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Construction Workers Vulnerable to Injuries and Premature Death

Construction Workers Vulnerable to Injuries and Premature Death

New research from the Center for Construction Research and Training, affiliated with the AFL-CIO, indicates that almost all construction workers will have at least one work-related injury during their lifetime and are at greater risk of dying prematurely.

Researchers drew from multiple years of data from national sources, including the Census of Fatal Occupational Injuries. According to CCRT researchers, in a 45-year career, a construction worker has a 75 percent chance of experiencing a disabling injury, and a 1-in-200 chance of a fatal injury on the job.

Furthermore, someone who begins construction work at age 20 and lives until the age of 85 has a 15 percent chance of developing chronic obstructive pulmonary disease and an 11 percent chance of developing dust-related parenchymal chest X-ray changes.

Executive Director of CCRT Pete Stafford said, “While great strides have been made in reducing construction injuries and illnesses, the numbers are still stubbornly high.”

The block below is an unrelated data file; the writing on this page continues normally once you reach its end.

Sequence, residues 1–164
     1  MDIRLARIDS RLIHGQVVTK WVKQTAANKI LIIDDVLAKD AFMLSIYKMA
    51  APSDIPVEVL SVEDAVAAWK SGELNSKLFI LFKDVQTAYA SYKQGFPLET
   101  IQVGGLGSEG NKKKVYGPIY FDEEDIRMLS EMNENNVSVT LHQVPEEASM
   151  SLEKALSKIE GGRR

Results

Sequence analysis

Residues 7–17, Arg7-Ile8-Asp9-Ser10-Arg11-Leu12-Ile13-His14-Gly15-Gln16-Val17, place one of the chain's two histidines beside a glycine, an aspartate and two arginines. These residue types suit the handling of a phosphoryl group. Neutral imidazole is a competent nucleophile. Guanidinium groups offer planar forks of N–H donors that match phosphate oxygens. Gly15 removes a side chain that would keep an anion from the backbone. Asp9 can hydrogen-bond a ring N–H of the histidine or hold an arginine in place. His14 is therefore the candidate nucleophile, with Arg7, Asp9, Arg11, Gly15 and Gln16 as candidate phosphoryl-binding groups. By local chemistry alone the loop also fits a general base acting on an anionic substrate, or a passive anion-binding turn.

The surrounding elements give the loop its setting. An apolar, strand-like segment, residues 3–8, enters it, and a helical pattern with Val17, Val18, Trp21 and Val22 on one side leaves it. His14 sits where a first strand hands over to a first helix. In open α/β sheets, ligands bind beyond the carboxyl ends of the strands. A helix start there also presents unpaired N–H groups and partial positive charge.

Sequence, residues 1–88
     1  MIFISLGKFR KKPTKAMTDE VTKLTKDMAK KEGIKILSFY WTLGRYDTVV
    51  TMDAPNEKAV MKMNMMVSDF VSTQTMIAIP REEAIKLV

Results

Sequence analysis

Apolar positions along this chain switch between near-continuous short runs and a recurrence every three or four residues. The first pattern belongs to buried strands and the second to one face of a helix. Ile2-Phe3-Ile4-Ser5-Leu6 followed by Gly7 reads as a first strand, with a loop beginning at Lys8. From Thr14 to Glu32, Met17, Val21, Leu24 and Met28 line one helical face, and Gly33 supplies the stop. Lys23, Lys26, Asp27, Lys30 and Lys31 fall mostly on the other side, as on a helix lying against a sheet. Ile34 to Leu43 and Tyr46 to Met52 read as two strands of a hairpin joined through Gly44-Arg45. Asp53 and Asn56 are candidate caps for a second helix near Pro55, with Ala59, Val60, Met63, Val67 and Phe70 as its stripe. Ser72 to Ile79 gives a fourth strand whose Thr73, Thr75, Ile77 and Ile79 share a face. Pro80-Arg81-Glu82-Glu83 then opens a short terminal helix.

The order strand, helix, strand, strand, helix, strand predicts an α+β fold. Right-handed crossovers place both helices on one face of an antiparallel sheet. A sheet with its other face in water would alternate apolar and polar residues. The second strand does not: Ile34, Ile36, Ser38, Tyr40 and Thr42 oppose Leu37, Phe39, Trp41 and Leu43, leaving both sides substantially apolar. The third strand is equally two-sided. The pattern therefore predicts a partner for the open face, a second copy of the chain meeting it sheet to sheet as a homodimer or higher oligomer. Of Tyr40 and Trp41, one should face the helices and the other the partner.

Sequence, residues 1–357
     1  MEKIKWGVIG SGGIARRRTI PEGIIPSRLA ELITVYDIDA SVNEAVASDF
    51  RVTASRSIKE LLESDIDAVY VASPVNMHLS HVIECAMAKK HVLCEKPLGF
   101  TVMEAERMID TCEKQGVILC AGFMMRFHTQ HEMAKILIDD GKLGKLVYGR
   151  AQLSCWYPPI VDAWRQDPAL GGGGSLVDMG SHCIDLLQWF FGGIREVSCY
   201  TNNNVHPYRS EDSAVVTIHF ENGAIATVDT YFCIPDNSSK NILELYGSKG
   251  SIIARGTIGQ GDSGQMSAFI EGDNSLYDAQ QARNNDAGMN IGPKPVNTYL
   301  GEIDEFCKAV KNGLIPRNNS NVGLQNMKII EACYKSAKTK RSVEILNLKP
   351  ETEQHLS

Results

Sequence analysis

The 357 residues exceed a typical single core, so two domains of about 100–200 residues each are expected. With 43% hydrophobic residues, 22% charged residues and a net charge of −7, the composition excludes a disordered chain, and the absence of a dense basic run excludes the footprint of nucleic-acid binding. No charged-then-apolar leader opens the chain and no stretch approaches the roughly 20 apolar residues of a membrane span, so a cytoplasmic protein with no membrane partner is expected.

According to the Bureau of Labor Statistics, for example,  2010 saw 751 deaths in the construction industry, a rate of about four injuries per 100 full time workers.

“Workers and their families suffer the consequences of disabling injuries, and this research shows it’s far too common, said Stafford. “So we must continue to raise awareness of the problems — and hope to see our research findings put to use to reduce construction fatalities, injuries and illnesses.”

In this regard, OSHA has released 12 brief videos about such hazards for construction workers. From two to four minutes long, each video shows how quickly a worker can be injured or killed on the job. The goal is to help identify, reduce and eliminate a variety of construction-based hazards.

OSHA Administrator David Michaels advised “anyone who works in the construction industry or operates a construction business to watch the videos.”

“Every step we take to educate workers about their rights and the safety measures employers must take to protect workers in construction helps avoid preventable injuries and the tragic loss of life,” said Michaels.

Michaels urged employers to organized screenings of the videos for their workers. He also encouraged viewers to post them on their websites.